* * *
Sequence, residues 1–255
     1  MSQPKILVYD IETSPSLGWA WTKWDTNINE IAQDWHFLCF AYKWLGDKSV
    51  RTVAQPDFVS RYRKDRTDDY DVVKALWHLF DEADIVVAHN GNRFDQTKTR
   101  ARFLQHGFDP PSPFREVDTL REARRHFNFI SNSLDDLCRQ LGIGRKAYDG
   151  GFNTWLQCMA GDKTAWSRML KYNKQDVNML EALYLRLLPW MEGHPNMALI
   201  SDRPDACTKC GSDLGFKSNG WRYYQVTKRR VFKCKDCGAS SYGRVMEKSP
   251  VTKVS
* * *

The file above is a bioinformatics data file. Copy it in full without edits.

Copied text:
Sequence, residues 1–255
     1  MSQPKILVYD IETSPSLGWA WTKWDTNINE IAQDWHFLCF AYKWLGDKSV
    51  RTVAQPDFVS RYRKDRTDDY DVVKALWHLF DEADIVVAHN GNRFDQTKTR
   101  ARFLQHGFDP PSPFREVDTL REARRHFNFI SNSLDDLCRQ LGIGRKAYDG
   151  GFNTWLQCMA GDKTAWSRML KYNKQDVNML EALYLRLLPW MEGHPNMALI
   201  SDRPDACTKC GSDLGFKSNG WRYYQVTKRR VFKCKDCGAS SYGRVMEKSP
   251  VTKVS